How to copy XMP metadata between Images

Copying XMP metadata between images isn't straightforward. Read how it's done correctly.

27 October 2021, by Cezary ZaboklickiAsk a question


XMP (Extensible Metadata Platform) is a metadata format introduced by Adobe Systems Inc. Sometimes it is necessary that we alter an image (resize or change pixels), but want to keep all the metadata. It turns out that this isn't that straightforward when dealing with XMP metadata. There exist generally two ways to copy XMP data in Python using a dedicated framekwork. These are:

  • py3exiv2, which is a Python binding to Exiv2 which is a tool for managing image data, and
  • Pythom XMP Toolkit thats works with XMP image data.

The main problem with those frameworks is that after copying the XMP data to another image, the size of the XMP metadata changes.

For the following experiments we will use this test image, which we will refer as original.jpg.

XMP hidden in the JPEG

Let us look more closely at this using ImageMagick to check the size:

> identify -verbose original.jpg
Profile-xmp: 28401 bytes

Another way to check is with the ExifTool by Phil Harvey:

> exiftool -v original.jpg
JPEG APP1 (28430 bytes):
    + [XMP directory, 28401 bytes]

Vanilla copying

The destination image that will receive the XMP content will be created on the fly. With the Python XMP Toolkit we can copy the data the following way.

import PIL
from PIL import Image

from libxmp import XMPFiles, consts
from libxmp.utils import file_to_dict

source = 'original.jpg'
dest = 'new.jpg'

new_image ="RGB", size=(200, 200))

xmpfile = XMPFiles(file_path = source, open_forupdate = True)
xmpfile2 = XMPFiles(file_path = dest, open_forupdate = True)

xmp = xmpfile.get_xmp()


The other method involves using the py3exiv2 library:

import pyexiv2
from PIL import Image
import PIL

new_image ="RGB", size=(200, 200))"new.jpg")

metadata_1 = pyexiv2.ImageMetadata('original.jpg')
metadata_1.modified = True

metadata_2 = pyexiv2.metadata.ImageMetadata('new.jpg')

metadata_1.copy(metadata_2, xmp = True)


Let us now check the size of the XMP section in the image we just created.

> identify -verbose new.jpg
Profile-xmp: 19658 bytes

Let's check with exiftool just to be sure that it is not the fault of ImageMagic not reading meta data correctly.

> exiftool -v new.jpg
JPEG APP1 (19687 bytes):
    + [XMP directory, 19658 bytes]

As you see there is discrepancy of around 9000 bytes, caused by a different XMPToolkit Tag and some reformatting of the bytestring. There also might be some custom XMP data that are not be copied. Thus to be completly sure that no information is lost, changed or reformatted we can directly copy the whole XMP part of the bytestring to the new image.

How XMP starts...

We run the following piece of code to see how the bytestring looks like.

filename = 'original.jpg'

with open(filename, 'rb') as file:
    contents =

The output looks quite overwhelming. According to the XMP specification the following line indicates the beginning of the XMP specification.

\xff\xe1o\x10\x00<?xpacket begin=\'\xef\xbb\xbf\' id=\'W5M0MpCehiHzreSzNTczkc9d\'?>\n<x:xmpmeta xmlns:x=\'adobe:ns:meta/\' x:xmptk=\'Image::ExifTool 10.96\'>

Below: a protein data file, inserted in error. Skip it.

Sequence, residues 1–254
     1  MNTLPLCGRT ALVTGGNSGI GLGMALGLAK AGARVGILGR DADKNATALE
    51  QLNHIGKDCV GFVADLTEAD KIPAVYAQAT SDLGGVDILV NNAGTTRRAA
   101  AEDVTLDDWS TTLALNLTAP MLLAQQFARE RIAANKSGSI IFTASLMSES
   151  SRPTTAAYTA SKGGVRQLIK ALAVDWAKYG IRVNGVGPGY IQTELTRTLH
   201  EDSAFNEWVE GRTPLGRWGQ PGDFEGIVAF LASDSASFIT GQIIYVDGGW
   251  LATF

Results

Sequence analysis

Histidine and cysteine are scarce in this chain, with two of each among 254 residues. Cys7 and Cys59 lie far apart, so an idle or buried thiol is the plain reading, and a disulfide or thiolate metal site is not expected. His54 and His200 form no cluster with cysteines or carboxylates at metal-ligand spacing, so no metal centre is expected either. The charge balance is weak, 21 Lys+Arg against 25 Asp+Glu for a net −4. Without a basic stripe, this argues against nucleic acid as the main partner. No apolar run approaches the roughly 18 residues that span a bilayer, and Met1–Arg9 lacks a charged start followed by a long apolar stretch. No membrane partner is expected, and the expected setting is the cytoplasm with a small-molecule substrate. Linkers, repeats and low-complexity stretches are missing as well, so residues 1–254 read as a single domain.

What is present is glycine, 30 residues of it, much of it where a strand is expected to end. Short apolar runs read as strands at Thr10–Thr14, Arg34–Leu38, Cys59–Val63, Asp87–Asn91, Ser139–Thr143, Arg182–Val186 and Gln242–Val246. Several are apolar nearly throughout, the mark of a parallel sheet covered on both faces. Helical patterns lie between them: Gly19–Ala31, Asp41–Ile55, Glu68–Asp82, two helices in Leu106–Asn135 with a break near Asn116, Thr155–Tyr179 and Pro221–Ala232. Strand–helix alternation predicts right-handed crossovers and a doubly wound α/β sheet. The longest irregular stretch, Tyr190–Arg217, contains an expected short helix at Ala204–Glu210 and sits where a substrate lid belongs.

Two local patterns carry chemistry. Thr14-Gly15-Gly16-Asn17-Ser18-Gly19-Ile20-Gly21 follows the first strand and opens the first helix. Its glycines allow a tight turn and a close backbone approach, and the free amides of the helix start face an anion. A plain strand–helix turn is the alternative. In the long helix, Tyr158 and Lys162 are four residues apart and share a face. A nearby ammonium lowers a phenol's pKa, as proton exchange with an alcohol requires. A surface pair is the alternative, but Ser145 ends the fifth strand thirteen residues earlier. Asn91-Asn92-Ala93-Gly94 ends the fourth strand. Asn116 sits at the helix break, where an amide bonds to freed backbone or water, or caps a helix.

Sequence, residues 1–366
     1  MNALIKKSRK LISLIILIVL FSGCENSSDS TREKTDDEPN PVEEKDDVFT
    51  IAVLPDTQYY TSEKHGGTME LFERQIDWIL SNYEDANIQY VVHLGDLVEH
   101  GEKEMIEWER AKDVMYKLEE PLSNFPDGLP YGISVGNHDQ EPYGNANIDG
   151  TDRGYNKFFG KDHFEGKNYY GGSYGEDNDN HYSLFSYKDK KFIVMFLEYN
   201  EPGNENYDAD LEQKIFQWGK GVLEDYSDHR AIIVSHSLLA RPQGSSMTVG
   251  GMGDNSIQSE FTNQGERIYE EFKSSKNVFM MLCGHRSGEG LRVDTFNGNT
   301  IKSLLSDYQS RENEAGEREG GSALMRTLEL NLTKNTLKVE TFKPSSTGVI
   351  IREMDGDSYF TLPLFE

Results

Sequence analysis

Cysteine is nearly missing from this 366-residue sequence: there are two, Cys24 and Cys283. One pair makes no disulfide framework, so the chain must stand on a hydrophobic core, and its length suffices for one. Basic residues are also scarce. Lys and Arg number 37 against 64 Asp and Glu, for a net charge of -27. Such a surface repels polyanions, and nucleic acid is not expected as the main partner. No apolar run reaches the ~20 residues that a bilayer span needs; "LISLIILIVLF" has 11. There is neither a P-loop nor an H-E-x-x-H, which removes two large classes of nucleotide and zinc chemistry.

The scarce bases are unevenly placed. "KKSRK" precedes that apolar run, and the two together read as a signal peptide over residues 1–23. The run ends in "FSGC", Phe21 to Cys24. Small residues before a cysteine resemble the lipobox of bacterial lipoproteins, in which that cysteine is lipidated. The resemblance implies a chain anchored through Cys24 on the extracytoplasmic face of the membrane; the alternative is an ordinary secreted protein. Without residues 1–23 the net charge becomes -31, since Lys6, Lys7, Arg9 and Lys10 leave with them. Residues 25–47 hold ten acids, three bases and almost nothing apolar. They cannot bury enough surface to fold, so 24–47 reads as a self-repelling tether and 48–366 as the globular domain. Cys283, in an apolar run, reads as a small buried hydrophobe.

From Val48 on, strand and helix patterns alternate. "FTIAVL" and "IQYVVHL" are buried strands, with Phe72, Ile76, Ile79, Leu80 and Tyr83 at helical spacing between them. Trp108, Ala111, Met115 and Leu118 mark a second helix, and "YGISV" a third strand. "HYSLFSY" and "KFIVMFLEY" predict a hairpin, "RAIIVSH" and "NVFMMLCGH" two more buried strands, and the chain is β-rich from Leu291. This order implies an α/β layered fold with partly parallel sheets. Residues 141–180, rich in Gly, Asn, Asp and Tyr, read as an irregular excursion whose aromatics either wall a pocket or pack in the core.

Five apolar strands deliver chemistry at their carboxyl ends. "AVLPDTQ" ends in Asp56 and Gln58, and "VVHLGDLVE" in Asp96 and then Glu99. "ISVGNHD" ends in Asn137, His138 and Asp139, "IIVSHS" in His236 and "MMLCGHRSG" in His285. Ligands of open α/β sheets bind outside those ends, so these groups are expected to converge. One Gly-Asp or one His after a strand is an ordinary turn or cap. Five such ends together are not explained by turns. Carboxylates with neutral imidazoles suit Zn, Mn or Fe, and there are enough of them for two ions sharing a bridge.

\xff\xe1 indicates the value of the field name APP1 which has the size of 2 bytes. Then we have 2 bytes that indicate the size of the XMP packet and 29 bytes for the namespace. The rest of the bytestring is the XMP packet itself. In our image the size is o\x10 (encoded as ASCII - thus 6F10 in hexadecimal format) which corresponds to 28432 bytes. Thus we have 31 bytes at the start of the XMP section for the namespace (29 bytes) and the representation of the size itself (2 bytes). The exiftool framework above shows us a size of 28430 bytes, which is 2 bytes off, probably due to not counting the 2 bytes that represent the total size of the section.

... and how it ends

The end of the XMP packet is basically where the next section starts. This is again indicated by a marker. According to the exiv2 documentation, the marker is \xff\xdb which describes the DQT (Define Quantization Table) section.

Working script

Now we just need to copy the data between the start marker \xff\xe1o\x10\x00 and the end marker \xff\xdb, ending up with the following script:

def add_xmp(source: str, dest: str):
    with open(source, 'r+b') as file_1:
        o_img =

    xmp_start = o_img.find(b'\0')
    xmp_end = o_img.find(b'\xff\xdb', xmp_start)

    if xmp_start == -1:

    xmp_str = o_img[xmp_start - 4: xmp_end]

    with open(dest, 'r+b') as file_2:
        d_img =

        xmp_end = d_img.find(b'\xff\xdb')

        first_part = d_img[:xmp_end]
        second_part = d_img[xmp_end:]

        new_str = first_part + xmp_str + second_part

Now the XMP size should be the same in the new image. I hope that was helpful and clarified the process of copying XMP data.

computer visionenglish
Start Demo Contact Us

Latest Blog Posts

Celantur Launches New Large-Scale Anonymized Data Transfer Service with LYVE Mobile by Seagate

This innovative solution provides customers with trusted data protection while transferring data.

How to Build an Algorithm for Face and License Plate Blurring Using OpenCV and Python

This step-by-step guide covers everything from installing OpenCV to applying Gaussian blurring to the detected regions

Questions about GDPR-compliance of ADAS and Autonomous Driving

A lawyer answers some of the most common legal questions about collecting, storing, processing, and sharing autonomous vehicle data.